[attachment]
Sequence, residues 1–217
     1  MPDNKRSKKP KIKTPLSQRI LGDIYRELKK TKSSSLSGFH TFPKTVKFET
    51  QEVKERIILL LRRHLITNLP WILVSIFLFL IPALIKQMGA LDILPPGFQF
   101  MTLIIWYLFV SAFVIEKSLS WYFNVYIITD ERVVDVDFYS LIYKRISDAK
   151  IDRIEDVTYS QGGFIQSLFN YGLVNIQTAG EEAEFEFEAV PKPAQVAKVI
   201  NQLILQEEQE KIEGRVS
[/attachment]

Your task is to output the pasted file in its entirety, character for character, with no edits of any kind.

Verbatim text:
Sequence, residues 1–217
     1  MPDNKRSKKP KIKTPLSQRI LGDIYRELKK TKSSSLSGFH TFPKTVKFET
    51  QEVKERIILL LRRHLITNLP WILVSIFLFL IPALIKQMGA LDILPPGFQF
   101  MTLIIWYLFV SAFVIEKSLS WYFNVYIITD ERVVDVDFYS LIYKRISDAK
   151  IDRIEDVTYS QGGFIQSLFN YGLVNIQTAG EEAEFEFEAV PKPAQVAKVI
   201  NQLILQEEQE KIEGRVS